Mechanisms linking low-calorie sweeteners to impaired glycaemic control

D Kreuch, K Ivey, F M Mobegi, L Leong, N J Isaacs, N Pezos, M Horowitz, C K Rayner, G B Rogers, R L Young

Research output: Contribution to journalArticlepeer-review

Abstract

Background: High consumption of beverages sweetened with low‐calorie sweeteners (LCS) is linked to an increased risk of type 2 diabetes (T2D) in humans, but the mechanisms are unknown. LCS activate intestinal sweet taste receptors to trigger gut hormone release, increase intestinal glucose absorption and trigger gut dysbiosis in animals. It unknown whether LCS exerts these effects in humans, and if so, whether postprandial glycaemia is adversely affected. Methods: 36 healthy subjects (aged 29 ± 2 years, 16 female) were randomised in double‐blind manner to supplementation with capsules containing LCS (92 mg sucralose + 52 mg acesulfame‐K, N = 19) or placebo (N = 17), taken three times daily over 2 weeks. Subjects underwent non‐sedated endoscopy incorporating a 30 minutes intraduodenal glucose infusion (3 kcal/min, including 3 g of the glucose analogue 3‐O‐ methyl glucose, 3‐OMG) with biopsy and stool collection, before and after intervention. Glucose absorption (serum 3‐OMG), plasma glucose and gut peptides were measured, and incremental areas under the curve (iAUC, over 120 min) compared by ANCOVA. Microbiome changes were assessed by shotgun sequencing; taxonomic and functional characteristics were determined using MetaPhlAn2 and HUMAnN2 abundance. Results: LCS augmented glucose absorption (15% P ≤ 0.05) and glycaemic responses to enteral glucose (26% P ≤ 0.01) and showed a trend to attenuate release of glucagon‐like peptide‐1 (GLP‐1, 32% P ≤ 0.1). LCS reduced commensal bacteria from the Ruminococcaceae family and increased opportunistic pathogens from Streptococcaceae and Odoribacteraceae families. Changes in microbiome composition and genetics due to LCS correlated with host changes in blood glucose, 3‐OMG and GLP‐1, while Eubacterium rectale and Bacteriodetes uniformis were identified as moderators and mediators of LCS effects, respectively. Conclusions: Our findings support the concept that dietary LCS supplementation impairs control of postprandial glycaemia in healthy humans by dysregulating glucose uptake and disposal, and secondary to dysbiosis of gut bacteria.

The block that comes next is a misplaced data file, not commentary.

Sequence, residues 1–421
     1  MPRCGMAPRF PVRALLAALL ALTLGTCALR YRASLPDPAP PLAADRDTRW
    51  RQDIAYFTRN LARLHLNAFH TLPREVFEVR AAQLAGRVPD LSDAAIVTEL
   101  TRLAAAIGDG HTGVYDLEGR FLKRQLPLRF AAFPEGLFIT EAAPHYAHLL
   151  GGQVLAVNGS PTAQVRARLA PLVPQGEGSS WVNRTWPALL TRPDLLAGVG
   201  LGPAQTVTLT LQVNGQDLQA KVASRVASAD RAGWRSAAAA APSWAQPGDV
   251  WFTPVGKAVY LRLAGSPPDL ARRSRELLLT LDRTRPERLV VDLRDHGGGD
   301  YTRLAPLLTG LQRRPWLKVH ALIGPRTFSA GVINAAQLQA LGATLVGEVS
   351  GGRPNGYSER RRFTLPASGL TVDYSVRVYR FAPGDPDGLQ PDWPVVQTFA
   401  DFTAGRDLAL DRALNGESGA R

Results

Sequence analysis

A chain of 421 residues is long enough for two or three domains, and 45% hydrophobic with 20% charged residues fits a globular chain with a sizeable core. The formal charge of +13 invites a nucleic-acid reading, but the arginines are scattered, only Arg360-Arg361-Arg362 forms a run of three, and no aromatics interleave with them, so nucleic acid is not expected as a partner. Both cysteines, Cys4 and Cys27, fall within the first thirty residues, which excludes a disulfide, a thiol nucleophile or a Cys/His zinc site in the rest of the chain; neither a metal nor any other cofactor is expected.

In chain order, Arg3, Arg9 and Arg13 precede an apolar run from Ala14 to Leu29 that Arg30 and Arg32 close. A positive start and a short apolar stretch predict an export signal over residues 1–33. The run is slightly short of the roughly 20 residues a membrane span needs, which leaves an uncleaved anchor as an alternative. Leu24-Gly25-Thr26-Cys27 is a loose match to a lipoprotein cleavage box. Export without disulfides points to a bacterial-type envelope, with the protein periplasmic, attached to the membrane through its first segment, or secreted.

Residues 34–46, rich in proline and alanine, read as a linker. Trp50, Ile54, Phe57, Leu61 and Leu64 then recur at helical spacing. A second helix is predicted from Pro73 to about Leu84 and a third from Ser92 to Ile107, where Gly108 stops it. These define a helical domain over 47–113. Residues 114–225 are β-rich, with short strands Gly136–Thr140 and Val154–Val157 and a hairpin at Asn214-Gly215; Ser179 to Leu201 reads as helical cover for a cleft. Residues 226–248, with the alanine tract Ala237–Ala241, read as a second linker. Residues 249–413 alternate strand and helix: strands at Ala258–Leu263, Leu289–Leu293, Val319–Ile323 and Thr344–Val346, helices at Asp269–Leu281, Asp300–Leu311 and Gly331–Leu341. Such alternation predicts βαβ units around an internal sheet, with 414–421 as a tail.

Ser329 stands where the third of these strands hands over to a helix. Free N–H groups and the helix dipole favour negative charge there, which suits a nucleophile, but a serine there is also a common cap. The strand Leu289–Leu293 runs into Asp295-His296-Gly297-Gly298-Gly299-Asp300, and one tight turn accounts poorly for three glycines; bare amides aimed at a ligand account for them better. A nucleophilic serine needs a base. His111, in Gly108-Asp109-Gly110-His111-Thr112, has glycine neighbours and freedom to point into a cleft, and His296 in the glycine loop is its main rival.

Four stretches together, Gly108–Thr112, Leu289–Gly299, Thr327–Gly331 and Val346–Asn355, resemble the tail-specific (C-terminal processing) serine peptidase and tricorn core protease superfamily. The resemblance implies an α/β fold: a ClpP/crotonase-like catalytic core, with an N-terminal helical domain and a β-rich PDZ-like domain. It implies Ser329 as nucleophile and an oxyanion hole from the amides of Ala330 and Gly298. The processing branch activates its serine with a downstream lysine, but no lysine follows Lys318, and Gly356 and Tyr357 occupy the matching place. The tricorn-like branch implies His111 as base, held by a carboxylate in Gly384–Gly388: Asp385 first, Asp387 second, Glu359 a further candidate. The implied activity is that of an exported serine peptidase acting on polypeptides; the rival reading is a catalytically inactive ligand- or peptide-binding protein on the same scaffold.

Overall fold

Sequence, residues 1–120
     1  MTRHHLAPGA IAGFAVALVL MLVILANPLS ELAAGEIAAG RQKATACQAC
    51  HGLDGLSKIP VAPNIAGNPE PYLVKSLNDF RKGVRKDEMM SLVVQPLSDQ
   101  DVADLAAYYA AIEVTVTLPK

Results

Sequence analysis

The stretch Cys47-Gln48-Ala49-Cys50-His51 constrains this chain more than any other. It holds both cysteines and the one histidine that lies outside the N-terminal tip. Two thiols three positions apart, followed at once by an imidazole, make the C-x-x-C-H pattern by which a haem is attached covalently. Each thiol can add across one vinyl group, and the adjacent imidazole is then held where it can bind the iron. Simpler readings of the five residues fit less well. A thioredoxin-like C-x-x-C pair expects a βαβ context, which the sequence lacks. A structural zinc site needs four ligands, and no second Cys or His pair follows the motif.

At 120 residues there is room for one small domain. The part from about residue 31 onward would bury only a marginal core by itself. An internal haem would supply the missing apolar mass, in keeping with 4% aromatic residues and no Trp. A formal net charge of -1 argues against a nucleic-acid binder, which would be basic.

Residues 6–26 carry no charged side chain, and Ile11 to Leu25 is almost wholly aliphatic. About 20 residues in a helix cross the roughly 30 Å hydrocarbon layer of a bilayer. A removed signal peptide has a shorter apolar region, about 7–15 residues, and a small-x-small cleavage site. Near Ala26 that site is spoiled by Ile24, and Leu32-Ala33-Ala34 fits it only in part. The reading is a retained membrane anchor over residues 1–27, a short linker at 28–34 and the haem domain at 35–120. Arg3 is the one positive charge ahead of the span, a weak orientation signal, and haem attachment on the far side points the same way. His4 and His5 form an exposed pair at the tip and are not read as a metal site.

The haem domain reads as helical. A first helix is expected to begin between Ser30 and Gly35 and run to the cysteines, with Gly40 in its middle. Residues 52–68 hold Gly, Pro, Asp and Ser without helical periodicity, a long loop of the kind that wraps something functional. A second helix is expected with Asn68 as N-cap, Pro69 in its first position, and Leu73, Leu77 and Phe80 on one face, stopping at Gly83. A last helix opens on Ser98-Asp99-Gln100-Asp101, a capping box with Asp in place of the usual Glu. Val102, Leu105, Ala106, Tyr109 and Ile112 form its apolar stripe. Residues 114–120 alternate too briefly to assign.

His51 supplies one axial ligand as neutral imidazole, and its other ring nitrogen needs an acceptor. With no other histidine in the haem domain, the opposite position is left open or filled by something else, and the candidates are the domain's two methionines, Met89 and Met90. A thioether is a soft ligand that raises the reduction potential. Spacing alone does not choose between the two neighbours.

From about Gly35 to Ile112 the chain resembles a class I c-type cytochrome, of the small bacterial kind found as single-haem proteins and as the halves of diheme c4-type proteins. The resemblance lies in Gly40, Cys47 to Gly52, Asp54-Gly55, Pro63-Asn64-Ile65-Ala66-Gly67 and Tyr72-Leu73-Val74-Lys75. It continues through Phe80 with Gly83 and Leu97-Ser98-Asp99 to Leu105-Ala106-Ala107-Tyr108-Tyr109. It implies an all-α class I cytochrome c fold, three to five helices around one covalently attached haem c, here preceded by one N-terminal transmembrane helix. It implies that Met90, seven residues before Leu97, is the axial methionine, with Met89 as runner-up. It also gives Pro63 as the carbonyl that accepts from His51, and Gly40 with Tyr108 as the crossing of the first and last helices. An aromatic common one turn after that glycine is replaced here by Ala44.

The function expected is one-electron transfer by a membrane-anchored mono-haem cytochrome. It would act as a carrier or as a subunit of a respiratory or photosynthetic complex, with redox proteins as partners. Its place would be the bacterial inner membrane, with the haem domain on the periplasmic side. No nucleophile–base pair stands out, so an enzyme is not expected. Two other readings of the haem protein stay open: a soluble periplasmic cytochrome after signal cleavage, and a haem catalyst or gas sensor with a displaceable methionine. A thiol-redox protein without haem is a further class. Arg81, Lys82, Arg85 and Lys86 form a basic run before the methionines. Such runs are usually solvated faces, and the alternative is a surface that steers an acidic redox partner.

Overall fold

Original languageEnglish
JournalNeurogastroenterology and Motility
Volume32
Publication statusPublished - 31 Aug 2020

Keywords

  • *area under the curve
  • *calorie
  • *glycemic control
  • Adult
  • Analysis of covariance
  • Clinical article
  • Commensal
  • Conference abstract
  • Controlled study
  • Diet
  • Drug combination
  • Drug therapy
  • Endoscopy
  • Eubacterium rectale
  • Feces
  • Female
  • Glucose absorption
  • Glucose blood level
  • Glucose infusion
  • Glucose transport
  • Human
  • Human experiment
  • Human tissue
  • Infectious agent
  • Intestine flora
  • Male
  • Microcapsule
  • Nonhuman
  • Randomized controlled trial
  • Ruminococcaceae
  • Shotgun sequencing
  • Streptococcaceae

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